A seaside holiday retreat designed with four black wood cabins linked by pathways.
Built in a quiet area among wild pine trees, this residential retreat in Comporta, Portugal, allows the clients to relax and unwind in the middle of a gorgeous coastal landscape. Lisbon-based architecture and design firm Studio 3A designed each black wood cabin to blend into the setting in more ways than one. While inspired by local fisherman huts/cabanas, Cabanas in Comporta also feature black Douglas fir cladding completed using the Japanese shou sugi ban technique. This natural charring process doesn’t involve the use of chemicals and allows the wood to age gracefully. Conveniently, it also doesn’t require maintenance.
The studio also built each black wood cabin according to solar orientation and the direction of the wind flow. Larger roof overhangs protect the living spaces against the fierce heat of the summer sun. Net-like, translucent blind panels in front of every window and sliding door keep mosquitoes away from the interior. At the same time, the mesh-style panels allow the cool breeze to pass through. The firm also used these transparent panels to create a sheltered, mosquito-free outdoor area between two volumes. Black cement flooring helps to regulate the heat thanks to the material’s thermal mass properties.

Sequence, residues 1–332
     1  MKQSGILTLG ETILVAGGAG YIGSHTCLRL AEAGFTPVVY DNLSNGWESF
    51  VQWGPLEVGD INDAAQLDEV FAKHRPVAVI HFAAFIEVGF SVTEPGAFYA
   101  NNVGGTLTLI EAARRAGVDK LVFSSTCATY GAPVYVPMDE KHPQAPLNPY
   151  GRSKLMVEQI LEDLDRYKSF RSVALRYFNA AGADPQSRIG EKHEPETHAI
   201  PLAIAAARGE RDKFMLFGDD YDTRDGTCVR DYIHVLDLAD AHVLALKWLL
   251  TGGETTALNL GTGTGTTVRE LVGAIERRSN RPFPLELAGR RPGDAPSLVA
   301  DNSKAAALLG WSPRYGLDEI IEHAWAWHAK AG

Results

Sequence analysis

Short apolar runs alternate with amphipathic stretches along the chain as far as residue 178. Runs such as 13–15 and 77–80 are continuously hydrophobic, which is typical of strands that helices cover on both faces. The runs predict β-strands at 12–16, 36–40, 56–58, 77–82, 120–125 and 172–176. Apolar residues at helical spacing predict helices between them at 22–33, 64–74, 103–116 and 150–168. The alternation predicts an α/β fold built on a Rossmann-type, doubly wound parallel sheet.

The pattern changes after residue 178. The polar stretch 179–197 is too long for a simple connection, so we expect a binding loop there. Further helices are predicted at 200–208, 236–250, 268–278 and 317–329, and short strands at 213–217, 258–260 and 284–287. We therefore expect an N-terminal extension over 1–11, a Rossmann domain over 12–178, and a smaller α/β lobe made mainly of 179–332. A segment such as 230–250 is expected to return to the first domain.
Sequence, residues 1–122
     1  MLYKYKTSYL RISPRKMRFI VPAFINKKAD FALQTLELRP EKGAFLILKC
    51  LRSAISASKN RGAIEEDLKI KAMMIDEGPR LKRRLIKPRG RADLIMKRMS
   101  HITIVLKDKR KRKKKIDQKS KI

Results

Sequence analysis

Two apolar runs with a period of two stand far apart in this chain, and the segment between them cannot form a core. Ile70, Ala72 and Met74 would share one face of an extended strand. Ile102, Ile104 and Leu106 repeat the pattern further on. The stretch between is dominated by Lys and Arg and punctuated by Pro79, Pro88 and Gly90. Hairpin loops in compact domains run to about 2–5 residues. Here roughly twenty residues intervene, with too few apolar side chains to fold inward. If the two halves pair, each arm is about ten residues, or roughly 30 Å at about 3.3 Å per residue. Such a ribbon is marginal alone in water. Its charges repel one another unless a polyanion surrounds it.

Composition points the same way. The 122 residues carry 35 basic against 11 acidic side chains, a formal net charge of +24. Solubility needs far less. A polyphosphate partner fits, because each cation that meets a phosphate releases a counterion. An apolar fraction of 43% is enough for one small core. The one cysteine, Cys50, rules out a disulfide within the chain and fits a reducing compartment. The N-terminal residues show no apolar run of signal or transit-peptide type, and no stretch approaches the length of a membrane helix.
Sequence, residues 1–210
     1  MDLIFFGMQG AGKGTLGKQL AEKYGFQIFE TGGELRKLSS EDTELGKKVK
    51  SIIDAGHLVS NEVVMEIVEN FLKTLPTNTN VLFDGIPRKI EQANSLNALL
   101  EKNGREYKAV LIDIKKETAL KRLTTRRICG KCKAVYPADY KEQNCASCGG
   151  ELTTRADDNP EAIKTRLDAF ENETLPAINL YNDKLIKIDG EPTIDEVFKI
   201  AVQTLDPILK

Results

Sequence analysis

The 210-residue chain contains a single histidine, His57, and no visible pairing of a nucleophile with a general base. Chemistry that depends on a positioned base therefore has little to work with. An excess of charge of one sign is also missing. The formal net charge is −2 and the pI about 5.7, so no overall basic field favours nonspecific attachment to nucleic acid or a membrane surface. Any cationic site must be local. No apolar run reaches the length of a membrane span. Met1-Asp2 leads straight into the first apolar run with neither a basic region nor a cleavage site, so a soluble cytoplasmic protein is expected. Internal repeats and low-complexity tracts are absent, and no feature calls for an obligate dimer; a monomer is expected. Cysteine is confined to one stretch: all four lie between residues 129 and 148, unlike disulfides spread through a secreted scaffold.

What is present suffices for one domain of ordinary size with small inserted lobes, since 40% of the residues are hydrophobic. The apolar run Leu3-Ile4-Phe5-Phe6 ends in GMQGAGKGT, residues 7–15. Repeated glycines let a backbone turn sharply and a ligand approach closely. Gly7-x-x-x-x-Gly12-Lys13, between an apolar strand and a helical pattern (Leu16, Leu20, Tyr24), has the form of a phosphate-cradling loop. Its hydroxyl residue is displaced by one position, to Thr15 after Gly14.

Keeping in line with the firm’s dedication to sustainable, eco-friendly design, the cabins also feature photovoltaic panels and heat pumps that provide an alternative source of energy to either cool or heat the cabanas. The volumes house different spaces, separating the private and the more social areas. Wooden pathways connect the structures and lead to a large deck that contains a pool. Photographs© Nelson Garrido.